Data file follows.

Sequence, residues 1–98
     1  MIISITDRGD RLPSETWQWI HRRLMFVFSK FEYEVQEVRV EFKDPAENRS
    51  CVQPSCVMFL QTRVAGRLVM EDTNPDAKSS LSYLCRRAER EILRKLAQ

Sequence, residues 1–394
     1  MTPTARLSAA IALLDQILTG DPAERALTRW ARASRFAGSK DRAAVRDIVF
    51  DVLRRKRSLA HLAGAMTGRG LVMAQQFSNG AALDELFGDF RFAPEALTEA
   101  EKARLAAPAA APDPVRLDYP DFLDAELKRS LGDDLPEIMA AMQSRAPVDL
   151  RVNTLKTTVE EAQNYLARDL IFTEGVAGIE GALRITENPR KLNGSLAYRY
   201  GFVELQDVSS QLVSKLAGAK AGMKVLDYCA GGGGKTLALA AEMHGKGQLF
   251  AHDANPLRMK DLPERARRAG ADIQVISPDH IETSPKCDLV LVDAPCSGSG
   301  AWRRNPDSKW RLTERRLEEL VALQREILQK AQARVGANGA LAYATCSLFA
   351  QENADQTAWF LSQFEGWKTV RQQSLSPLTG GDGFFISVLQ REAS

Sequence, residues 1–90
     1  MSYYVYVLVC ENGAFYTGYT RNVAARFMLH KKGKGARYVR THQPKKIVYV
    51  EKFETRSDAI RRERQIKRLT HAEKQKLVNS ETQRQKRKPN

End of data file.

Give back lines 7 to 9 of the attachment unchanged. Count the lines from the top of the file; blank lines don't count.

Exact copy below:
   101  EKARLAAPAA APDPVRLDYP DFLDAELKRS LGDDLPEIMA AMQSRAPVDL
   151  RVNTLKTTVE EAQNYLARDL IFTEGVAGIE GALRITENPR KLNGSLAYRY
   201  GFVELQDVSS QLVSKLAGAK AGMKVLDYCA GGGGKTLALA AEMHGKGQLF